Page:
The Guardian brings us the story of a variety of Spanish sheep brought back from oblivion. ‘Thanks to a local vet and a group of concerned ecologists, the churra lebrijana breed has been rescued from extinction’.
‘The sanction that Spain has to face for the lack of wastewater treatment in nine urban agglomerations - in which more than 350,000 people live - continues to grow: it currently amounts to 53.4 million euros. It is the largest fine in the European Union that Spain has had to face since it joined’. El País says the fine is now increasing by ten million euros each semester. While the one at Tarifa is now working, the other nine remain off-grid. These are Matalascañas (Huelva), Alhaurín el Grande (Málaga), Isla Cristina (Huelva), Coín (Málaga), Barbate (Cádiz), Nerja (Málaga), Gijón Este and Valle de Güímar (Santa Cruz de Tenerife).
All the presidents from Suárez to Rajoy ‘looked the other way’ when informed about some improper behaviour of the erstwhile king of Spain says ECD here.
The Conversation asks ‘Is there a relationship between immigration and the increase in the extremist vote in Spain?’ The article thinks not, although, it admits, things could change.
From El Español here: ‘Israel closes agreements with Morocco to search for oil and gas in the middle of the Sahara desert and in Canary Island waters. The signing to explore for hydrocarbons in 109,000 square km comes nine months after the agreement between Morocco, Israel and the United States’.
Morocco is about to reopen its passenger maritime connections with Spain and its borders with Ceuta and Melilla says ECD here.
The US and four European countries including Spain have come to an agreement over the Google Tax (the tax on large multinationals) says EPE here. The deal is that when all countries finally agree to a flat international tax on multinationals, this will supersede any local taxes on these companies.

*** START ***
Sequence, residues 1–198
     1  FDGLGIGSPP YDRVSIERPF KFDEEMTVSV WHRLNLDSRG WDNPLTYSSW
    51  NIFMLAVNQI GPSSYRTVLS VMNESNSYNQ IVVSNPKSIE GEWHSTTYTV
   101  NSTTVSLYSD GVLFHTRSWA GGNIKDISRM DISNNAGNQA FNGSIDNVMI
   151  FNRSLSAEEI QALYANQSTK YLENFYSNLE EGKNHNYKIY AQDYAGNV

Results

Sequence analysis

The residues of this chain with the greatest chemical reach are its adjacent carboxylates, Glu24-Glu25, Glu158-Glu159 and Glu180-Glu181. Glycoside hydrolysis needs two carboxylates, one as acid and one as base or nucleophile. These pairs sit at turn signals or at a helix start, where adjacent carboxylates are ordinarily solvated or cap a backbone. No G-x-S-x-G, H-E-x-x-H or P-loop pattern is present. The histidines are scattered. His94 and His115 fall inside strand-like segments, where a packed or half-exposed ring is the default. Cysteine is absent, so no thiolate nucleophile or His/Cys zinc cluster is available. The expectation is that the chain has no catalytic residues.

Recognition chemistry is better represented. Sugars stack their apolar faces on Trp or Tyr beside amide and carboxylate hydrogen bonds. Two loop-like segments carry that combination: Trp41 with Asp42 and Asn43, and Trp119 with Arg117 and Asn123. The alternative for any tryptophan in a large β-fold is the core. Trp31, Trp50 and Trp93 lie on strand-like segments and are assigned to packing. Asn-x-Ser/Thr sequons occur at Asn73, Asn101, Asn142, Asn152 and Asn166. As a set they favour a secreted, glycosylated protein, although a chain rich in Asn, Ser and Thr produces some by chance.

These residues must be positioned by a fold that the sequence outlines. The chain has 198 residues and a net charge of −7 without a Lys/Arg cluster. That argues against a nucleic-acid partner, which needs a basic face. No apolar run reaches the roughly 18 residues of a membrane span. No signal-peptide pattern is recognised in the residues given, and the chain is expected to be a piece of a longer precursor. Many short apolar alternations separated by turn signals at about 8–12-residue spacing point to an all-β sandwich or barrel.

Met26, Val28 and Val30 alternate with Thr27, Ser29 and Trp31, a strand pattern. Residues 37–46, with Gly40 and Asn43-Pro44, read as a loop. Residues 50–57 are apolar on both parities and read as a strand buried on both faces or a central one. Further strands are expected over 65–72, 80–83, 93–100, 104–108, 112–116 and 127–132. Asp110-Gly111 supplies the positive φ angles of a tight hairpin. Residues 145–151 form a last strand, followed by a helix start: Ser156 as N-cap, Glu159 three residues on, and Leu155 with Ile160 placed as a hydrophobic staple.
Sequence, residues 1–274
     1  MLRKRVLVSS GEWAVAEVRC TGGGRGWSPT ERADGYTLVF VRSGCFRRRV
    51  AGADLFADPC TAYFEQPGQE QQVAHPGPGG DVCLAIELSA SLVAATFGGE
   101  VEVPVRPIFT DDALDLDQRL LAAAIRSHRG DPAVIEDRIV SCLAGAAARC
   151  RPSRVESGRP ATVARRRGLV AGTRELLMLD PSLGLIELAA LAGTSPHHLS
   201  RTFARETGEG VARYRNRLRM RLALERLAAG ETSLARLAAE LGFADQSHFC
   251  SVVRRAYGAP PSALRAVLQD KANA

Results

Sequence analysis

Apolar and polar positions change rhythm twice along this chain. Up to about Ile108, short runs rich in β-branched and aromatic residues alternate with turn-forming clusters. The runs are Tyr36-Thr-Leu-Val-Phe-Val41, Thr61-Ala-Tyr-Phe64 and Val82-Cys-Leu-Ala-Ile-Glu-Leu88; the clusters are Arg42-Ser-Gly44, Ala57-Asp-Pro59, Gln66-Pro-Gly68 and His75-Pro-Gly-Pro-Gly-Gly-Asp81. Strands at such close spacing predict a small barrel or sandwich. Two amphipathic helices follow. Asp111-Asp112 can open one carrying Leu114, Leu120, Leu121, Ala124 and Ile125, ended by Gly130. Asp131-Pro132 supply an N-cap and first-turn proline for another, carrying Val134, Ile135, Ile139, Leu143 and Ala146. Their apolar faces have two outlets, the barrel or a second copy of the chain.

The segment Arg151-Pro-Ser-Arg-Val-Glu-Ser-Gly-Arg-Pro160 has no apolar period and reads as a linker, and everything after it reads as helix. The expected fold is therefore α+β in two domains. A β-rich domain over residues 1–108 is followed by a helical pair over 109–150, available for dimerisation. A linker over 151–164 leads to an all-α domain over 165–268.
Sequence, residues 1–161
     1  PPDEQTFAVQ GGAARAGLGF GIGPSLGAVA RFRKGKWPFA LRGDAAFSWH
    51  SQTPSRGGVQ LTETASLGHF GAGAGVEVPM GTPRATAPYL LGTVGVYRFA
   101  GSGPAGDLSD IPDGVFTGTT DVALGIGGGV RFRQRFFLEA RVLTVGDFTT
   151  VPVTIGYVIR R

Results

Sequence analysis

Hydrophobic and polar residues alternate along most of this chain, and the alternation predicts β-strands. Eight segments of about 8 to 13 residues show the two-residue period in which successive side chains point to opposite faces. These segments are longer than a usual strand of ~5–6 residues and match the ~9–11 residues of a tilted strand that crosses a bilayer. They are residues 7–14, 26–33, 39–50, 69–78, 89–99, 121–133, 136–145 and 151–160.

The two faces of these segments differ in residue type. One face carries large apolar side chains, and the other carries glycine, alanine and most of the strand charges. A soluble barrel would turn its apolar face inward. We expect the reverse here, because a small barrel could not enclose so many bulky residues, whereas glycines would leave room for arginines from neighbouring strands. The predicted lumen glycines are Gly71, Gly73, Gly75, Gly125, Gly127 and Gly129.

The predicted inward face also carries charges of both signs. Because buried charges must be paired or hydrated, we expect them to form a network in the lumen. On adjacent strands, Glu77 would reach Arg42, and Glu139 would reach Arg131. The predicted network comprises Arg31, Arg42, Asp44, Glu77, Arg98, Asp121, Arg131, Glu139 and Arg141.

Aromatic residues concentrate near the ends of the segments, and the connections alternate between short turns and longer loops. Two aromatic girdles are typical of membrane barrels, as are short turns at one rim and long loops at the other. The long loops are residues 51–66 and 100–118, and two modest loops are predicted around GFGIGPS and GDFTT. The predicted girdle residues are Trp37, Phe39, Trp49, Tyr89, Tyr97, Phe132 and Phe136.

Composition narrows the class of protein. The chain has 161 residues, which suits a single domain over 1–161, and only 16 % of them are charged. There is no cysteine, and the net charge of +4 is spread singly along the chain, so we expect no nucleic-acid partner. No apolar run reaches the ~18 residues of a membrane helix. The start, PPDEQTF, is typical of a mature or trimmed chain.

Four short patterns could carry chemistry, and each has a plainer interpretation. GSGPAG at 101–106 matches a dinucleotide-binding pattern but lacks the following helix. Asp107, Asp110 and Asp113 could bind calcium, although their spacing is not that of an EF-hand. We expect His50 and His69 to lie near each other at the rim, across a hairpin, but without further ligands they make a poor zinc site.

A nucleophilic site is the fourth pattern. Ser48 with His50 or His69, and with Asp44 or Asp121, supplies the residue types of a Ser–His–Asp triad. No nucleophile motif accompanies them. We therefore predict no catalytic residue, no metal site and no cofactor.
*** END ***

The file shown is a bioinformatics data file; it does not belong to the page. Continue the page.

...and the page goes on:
‘Life at the US naval base in Rota: A union of two worlds. Created by decree in 1953 under the late Spanish dictator Franco, this singular spot has developed a hybrid personality that combines languages, cultural elements and mutual interests’. El País in English here.
How the products we buy at the supermarket are slowly re-sizing (downwards) and re-pricing (upwards). The trick is to hope that the customer won’t notice says La Vanguardia here. There’s even a word for it: la reduflación (shrinkflation).
Catalan News looks at ‘Energy poverty: when it comes down to buying food or paying utility bills’ here.
MotorPasión takes us through all the taxes the poor motorist must pay and then says ‘to top it all, there’s a new motorway toll arriving soon to put the cherry on the cake’. Elsewhere, at La Cadena Ser, we read that almost half of all people old enough to drive and under 34 years of age don’t have a driving licence and apparently don’t see a car as being a priority.
‘Spain’s government has unveiled plans for a national ID scheme for domestic animals as part of a far-reaching animal welfare reform bill. The new animal welfare legislation will act as a sort of bill of rights for animals giving them an elevated status of a ‘sentient being’ above that of a possession, which is the current legal status…’. The Olive Press here.
From El País in English here: ‘Weekend getaway to La Palma: The volcano tourists flocking to see the eruption’. NIUS has the latest volcano video and updates here.
An English as a Foreign Language teacher writes about the fresh hardships in his job with ‘More than Teaching’ at Standing in a Spanish Doorway here.
From the blog My Little World of Travelling: Cristina is an ex-pat from the Costa del Sol and lives in the UK. Her post here is called ‘The Seven Biggest Mistakes When Moving to Spain & Other Tips’.
Eye on Spain brings us some of this country’s ‘Most Unusual Hotels’ here.
From Think Spain here: ‘Lazareto and Tagomago, the Balearics' lesser-known islands’.
Thinking about visiting Extremadura, Spain? Read everything you need to know before your trip to Spain’s most underrated region here at Piggy Traveller.
‘Veebrant is an online travel publication that offers original stories, valuable insights, and inspiring guides for today’s explorers’. Find it here.
72 million people have seen this one in the past year. Reggaeton with Ana Mena and Rocco Hunt - A Un Paso De La Luna on YouTube here (Hey, she’s pretty and he’s Italian!). Then, they did it in Italian too (98 million people so far) here.